Over the next couple posts, we want to share a few of our design principles. These are principles that we believe are essential to the quality of our work. As project turnaround becomes faster, we hold fast to these time tested practices. The result of these conflicting project drivers is hopefully a sharper, more efficient design team. In the case where no compromise between schedule and quality can be found, we want to inform as best as possible the loss of design value. Our first principle is our practice to take a close look at existing conditions beyond what we may have on previous drawings no matter the size of the job.
The Principle: For renovation work, we always visit the project site and conduct a thorough survey of existing conditions.
Thorough - For mechanical and plumbing this means our head above the ceiling; measuring ductwork and piping, getting bottom elevations of building elements like beams, sprinklers, etc., gathering envelope information for an informed load calculation, and having discussions about building systems standards and operation with on-site staff. For electrical this means a well developed power riser, back-check of the architectural RCP and switching, gathering fire alarm system information, and understanding of building emergency power systems.
The Value Won:
The bottom line is design-phase discovery saves dollars in construction change orders, prevents project delays, and unsightly "this was the only way to fix it because the project was too far along" type installations. Surveying on-site allows our drawings to be more specific in every discipline. The drawings will simply have more informed information rather than putting undefined responsibility on the contractor. For example, we often run into buildings where old power panels have a hard-to-find breaker. If we can specify the breaker type prior to the contractor bid, his price is better informed. Further, if we know from our survey that building fresh air distribution is pre-treated with an energy recovery wheel, we can design a smaller, less expensive air handling unit to serve the client.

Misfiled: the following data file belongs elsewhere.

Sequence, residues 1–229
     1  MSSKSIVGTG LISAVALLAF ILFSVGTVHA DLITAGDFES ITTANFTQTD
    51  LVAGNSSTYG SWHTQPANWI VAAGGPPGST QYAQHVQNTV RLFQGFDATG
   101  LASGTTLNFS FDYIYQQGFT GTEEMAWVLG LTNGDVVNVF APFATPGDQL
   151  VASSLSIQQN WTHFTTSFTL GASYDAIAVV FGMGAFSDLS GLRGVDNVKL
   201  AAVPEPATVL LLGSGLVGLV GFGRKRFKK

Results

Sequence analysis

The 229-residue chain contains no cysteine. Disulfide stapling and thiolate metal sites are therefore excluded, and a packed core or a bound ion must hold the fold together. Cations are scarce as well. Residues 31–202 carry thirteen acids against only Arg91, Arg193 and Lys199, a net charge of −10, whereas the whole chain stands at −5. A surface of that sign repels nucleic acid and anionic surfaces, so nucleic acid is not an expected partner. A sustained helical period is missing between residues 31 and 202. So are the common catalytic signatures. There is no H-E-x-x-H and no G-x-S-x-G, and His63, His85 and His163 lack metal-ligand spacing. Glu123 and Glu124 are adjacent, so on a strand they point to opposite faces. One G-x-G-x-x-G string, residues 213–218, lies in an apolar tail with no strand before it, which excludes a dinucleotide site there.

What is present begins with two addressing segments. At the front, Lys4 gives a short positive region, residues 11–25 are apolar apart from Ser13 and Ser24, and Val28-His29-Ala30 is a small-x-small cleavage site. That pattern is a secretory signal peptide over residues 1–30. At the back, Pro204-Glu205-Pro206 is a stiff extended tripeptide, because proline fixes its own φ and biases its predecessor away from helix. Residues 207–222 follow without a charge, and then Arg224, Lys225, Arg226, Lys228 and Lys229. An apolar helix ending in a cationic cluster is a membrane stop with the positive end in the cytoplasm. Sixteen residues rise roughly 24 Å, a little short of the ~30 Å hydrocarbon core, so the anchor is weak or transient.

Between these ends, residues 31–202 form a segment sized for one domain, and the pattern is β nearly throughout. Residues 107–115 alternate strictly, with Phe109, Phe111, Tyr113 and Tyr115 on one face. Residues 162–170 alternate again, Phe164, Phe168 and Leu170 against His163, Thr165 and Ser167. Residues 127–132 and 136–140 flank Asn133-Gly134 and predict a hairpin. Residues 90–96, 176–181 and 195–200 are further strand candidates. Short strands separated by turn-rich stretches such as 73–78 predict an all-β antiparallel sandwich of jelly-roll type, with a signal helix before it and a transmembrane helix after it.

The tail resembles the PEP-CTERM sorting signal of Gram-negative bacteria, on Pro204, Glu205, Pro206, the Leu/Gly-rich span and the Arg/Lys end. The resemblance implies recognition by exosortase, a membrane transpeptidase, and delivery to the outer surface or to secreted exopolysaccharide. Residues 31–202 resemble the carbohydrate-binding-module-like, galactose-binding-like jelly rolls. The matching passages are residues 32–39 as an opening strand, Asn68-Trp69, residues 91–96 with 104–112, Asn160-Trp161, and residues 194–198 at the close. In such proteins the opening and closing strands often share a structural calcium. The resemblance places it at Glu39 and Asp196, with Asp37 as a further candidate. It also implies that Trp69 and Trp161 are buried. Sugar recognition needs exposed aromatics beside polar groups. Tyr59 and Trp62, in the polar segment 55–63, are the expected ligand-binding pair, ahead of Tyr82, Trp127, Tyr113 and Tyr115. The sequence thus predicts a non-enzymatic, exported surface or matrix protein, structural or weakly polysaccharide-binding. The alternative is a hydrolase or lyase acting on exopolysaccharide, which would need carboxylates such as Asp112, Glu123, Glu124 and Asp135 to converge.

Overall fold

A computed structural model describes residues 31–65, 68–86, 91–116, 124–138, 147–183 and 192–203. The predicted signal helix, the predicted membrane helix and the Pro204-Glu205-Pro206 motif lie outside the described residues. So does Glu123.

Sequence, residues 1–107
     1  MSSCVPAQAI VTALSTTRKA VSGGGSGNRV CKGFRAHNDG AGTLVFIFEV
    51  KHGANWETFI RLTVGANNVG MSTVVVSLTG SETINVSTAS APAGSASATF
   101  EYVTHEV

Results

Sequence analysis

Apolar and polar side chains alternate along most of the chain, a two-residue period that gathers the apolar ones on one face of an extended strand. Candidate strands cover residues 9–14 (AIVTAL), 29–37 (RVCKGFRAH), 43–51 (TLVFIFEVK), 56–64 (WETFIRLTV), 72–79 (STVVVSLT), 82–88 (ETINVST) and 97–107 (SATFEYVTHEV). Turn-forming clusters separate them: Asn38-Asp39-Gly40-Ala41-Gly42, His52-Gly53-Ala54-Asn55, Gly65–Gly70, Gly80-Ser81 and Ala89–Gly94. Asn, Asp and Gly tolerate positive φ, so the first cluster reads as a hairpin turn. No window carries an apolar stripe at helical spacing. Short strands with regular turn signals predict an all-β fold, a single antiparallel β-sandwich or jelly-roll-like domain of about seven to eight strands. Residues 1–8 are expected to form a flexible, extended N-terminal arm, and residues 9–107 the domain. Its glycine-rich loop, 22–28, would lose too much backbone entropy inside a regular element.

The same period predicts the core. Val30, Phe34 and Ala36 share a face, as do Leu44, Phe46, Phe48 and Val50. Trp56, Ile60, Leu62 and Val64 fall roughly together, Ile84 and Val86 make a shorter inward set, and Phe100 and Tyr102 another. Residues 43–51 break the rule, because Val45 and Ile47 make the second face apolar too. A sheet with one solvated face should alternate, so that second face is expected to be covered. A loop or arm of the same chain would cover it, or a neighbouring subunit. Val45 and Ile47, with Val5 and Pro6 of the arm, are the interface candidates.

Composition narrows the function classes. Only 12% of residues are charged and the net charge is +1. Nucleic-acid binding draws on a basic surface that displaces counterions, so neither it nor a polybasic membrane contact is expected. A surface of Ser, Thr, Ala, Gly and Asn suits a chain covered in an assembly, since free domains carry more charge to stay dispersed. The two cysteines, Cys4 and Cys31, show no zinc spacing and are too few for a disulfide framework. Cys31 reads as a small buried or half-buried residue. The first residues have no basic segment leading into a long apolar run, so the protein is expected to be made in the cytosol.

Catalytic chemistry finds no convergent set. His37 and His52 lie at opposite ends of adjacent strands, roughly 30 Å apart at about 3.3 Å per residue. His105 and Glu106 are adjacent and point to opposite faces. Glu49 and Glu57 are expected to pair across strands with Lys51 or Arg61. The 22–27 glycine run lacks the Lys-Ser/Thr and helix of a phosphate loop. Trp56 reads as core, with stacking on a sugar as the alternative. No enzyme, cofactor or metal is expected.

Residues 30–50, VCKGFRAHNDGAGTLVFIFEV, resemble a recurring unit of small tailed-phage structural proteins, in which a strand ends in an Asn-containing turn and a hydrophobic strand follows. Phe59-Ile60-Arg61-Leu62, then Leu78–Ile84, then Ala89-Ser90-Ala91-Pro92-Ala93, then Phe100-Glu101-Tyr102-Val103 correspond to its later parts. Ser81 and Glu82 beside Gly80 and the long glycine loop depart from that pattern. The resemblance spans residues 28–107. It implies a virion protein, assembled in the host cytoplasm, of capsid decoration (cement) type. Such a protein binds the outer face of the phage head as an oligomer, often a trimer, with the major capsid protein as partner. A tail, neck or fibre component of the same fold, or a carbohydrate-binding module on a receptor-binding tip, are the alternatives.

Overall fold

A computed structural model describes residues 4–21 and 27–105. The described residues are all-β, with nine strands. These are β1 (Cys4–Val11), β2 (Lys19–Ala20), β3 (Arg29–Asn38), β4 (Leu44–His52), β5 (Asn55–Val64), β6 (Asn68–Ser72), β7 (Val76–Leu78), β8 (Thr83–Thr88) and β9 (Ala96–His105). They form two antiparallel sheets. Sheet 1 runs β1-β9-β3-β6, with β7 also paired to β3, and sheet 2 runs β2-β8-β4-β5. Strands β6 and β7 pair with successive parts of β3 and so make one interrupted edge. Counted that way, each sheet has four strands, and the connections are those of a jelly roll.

The Value Lost:
The largest alternative to a thorough site visit is the use of existing building plans. At their best, existing drawings provide a road map for conducting a survey. It is our preference to not take the plans at any more than that. We simply don't have enough confidence in old drawings to use them without verification. Even as-built drawings can have flaws. Just recently, we were planning a chiller plant upgrade and the as-built plans showed an isolation valve immediately at the exit of the mechanical room. Our survey revealed that there was a tap installed prior to the valve which meant we couldn't totally isolate the chiller room from the rest of the building. We still have to come up with a solution for this issue but it is saving an RFI, drawing addendum, and piping change order (all which take time to process).
The Final Word:
There are no perfect drawings. Some in our office say a job that is a work of art is a job never finished. Even so, we want to make the most informed plans possible. More informed plans improve project schedule, the contractor's bid, final project cost, quality of the finished job, and inter-discipline coordination. Because we want designs of the highest quality, we will continue to arrange for on-site surveys no matter how small the job.